The United States Supreme Court announced today it will not review a court decision in a lawsuit that the Agua Caliente Tribe filed against Coachella Valley Water District (CVWD) and Desert Water Agency (DWA) in 2013 seeking unprecedented rights to groundwater, superseding all other water users. The decision from the Ninth Circuit Court of Appeals, granting superior rights to groundwater to the Tribe will remain in effect.
“We are disappointed in the decision because we believe the water in this valley is a shared resources that belongs to everyone,” said CVWD Board president John Powell, Jr. “The Tribe has always had access to as much water as they requested, but now they have secured a water right that is superior to every other resident and business in the Coachella Valley.”
Water rights have always been shared by the public, including the Agua Caliente and its approximately 440 members. The Agua Caliente has not said publicly how much water the Tribe wants access to or how it would use that water.
Following this decision, the water agencies expect a lengthy and expensive legal process for all water users in the Coachella Valley. The federal District Court will likely need to engage in a full groundwater adjudication, dividing the water resources between the Agua Caliente Tribe and the residents, businesses, agricultural and golf communities and other tribes. Rates will likely increase as water availability becomes more limited.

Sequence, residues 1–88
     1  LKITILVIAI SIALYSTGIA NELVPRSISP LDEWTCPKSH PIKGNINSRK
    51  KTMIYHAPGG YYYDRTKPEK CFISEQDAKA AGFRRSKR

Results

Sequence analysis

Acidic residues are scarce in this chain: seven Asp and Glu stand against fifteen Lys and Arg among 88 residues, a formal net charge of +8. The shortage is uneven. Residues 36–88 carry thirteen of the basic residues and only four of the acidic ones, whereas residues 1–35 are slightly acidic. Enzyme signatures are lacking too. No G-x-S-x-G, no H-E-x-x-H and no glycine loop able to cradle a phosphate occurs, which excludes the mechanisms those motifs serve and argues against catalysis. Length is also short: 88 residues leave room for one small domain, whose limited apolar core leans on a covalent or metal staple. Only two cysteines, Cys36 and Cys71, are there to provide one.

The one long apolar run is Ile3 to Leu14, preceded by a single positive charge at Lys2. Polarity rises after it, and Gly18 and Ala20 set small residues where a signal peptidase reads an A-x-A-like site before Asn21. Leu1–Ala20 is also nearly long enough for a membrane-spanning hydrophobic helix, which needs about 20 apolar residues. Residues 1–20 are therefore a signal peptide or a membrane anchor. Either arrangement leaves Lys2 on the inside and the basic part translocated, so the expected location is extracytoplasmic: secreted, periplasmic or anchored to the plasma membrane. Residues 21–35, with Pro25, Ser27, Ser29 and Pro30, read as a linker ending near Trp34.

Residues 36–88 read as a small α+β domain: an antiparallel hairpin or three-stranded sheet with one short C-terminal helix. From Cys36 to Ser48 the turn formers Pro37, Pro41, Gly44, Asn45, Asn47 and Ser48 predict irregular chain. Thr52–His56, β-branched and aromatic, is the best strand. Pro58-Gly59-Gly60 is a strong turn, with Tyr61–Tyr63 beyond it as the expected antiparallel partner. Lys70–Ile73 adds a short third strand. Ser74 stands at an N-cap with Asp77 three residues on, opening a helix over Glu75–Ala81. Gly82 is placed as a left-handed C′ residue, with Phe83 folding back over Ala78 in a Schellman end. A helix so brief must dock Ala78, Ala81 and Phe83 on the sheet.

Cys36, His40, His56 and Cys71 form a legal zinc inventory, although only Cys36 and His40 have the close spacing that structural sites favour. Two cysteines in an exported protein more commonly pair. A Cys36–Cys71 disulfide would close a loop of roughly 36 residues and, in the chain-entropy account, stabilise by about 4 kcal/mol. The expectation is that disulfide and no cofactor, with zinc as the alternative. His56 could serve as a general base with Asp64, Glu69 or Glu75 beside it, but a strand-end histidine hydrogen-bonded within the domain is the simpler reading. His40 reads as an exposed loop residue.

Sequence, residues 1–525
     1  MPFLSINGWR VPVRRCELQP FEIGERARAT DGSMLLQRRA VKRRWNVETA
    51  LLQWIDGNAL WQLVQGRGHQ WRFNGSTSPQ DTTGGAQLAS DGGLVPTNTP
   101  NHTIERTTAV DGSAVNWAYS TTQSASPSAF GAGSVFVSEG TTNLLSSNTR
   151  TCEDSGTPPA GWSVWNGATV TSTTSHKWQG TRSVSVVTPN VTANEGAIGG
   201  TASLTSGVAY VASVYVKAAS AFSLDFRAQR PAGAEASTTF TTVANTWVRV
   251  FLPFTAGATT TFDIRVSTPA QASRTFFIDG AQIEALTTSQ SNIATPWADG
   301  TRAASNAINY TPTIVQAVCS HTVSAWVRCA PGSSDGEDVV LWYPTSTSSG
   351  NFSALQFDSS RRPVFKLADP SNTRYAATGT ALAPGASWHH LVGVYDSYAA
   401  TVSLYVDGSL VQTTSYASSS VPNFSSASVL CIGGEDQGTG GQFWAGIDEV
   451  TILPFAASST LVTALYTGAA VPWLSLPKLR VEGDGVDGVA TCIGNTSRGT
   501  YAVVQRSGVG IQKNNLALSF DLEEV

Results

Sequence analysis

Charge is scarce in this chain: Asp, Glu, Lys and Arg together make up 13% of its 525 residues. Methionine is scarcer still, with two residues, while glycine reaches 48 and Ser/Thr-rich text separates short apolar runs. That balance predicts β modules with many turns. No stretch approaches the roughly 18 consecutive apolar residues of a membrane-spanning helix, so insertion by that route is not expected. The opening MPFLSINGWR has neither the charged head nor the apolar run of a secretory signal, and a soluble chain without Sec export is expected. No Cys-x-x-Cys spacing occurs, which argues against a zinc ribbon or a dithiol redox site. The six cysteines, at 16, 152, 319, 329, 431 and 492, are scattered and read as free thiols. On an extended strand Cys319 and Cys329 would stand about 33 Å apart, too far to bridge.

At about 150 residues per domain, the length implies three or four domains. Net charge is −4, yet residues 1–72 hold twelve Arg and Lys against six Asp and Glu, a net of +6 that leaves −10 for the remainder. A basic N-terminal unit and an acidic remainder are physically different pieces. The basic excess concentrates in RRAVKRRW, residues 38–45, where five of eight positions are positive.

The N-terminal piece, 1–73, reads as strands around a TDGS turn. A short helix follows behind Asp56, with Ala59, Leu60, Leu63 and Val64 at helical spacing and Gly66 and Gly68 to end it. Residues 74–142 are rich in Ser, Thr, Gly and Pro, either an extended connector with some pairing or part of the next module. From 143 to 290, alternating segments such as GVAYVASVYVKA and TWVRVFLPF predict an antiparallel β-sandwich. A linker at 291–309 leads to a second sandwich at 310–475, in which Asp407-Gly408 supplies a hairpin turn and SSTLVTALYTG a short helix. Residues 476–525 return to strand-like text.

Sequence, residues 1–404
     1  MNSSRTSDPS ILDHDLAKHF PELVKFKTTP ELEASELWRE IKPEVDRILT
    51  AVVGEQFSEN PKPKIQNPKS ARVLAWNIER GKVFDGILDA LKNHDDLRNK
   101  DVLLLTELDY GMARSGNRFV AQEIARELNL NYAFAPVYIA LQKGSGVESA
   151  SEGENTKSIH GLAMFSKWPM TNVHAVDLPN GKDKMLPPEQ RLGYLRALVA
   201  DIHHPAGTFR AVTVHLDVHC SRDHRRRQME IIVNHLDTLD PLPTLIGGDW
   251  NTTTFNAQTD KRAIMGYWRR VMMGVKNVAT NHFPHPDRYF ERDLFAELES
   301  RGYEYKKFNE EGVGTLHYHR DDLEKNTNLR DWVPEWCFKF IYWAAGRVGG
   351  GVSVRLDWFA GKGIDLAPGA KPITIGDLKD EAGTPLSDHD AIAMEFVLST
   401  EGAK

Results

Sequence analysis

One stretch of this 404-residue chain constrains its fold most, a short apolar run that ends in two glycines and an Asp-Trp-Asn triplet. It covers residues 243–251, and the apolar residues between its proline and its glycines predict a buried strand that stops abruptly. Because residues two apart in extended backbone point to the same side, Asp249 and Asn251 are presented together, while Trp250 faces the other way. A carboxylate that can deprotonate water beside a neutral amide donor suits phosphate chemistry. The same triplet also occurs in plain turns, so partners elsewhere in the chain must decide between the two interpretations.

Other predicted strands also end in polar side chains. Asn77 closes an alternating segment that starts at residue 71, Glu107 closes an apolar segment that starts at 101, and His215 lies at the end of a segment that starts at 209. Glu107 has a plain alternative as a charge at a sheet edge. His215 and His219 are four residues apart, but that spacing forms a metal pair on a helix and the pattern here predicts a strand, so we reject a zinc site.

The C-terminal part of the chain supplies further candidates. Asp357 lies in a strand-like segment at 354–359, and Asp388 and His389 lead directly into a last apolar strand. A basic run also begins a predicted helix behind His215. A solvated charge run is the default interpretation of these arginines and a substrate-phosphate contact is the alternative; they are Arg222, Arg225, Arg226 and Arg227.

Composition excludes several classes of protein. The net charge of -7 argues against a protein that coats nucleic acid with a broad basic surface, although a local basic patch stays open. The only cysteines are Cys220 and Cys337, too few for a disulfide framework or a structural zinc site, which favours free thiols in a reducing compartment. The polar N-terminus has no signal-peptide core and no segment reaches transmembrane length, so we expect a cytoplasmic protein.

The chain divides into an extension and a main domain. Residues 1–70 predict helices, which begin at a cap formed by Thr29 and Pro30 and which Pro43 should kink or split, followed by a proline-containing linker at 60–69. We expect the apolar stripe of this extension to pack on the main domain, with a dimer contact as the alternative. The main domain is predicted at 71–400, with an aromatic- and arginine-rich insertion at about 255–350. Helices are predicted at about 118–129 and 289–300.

“This case could completely change water management in our area, said DWA Board President Jim Cioffi. “We will continue to protect the interests of the community through this lawsuit and any efforts to divvy up local groundwater rights.”
CVWD and DWA have carefully managed local water resources through years of drought for the community as a whole. The Tribe’s control over groundwater could frustrate attempts to manage groundwater for the future and undermine the state’s groundwater regulation system. The Tribe is a private entity that is not required to comply with state sustainability laws or share water management information.
The Coachella Valley’s water supply is now in uncharted territory. Western states have developed complex legal regimes and permitting systems to protect groundwater basins from ever-increasing demands on water resources. The decision will drastically complicate, and in some locations could entirely defeat, these state and local efforts to manage groundwater resources efficiently. This is why ten states and multiple organizations weighed in to support the local water agencies’ petition to be heard by the Supreme Court.
Phase 2 of this lawsuit, deciding whether the Tribe owns storage space within the groundwater basins is currently underway.
For more information about this lawsuit, visit www.dwa.org/lawsuits or www.cvwd.org/lawsuit.
Desert Water Agency is a public, non-profit agency and a State Water Contractor, serving a 325-square-mile area, including parts of Cathedral City, outlying county areas, Desert Hot Springs and Palm Springs. An elected five-member board sets policy and represents the ratepayers. For more information, please visit www.dwa.org.
Coachella Valley Water District is a public, non-profit agency serving domestic water, irrigation water, wastewater collection and reclamation services, regional stormwater protection and groundwater replenishment over a 1,000-square-mile area, including parts of Cathedral City to the Salton Sea communities. CVWD is a State Water Contractor and operates the 123-mile Coachella Canal to import Colorado River water to the region. An elected five-member board sets policy and represents the ratepayers. For more information, please visit www.cvwd.org.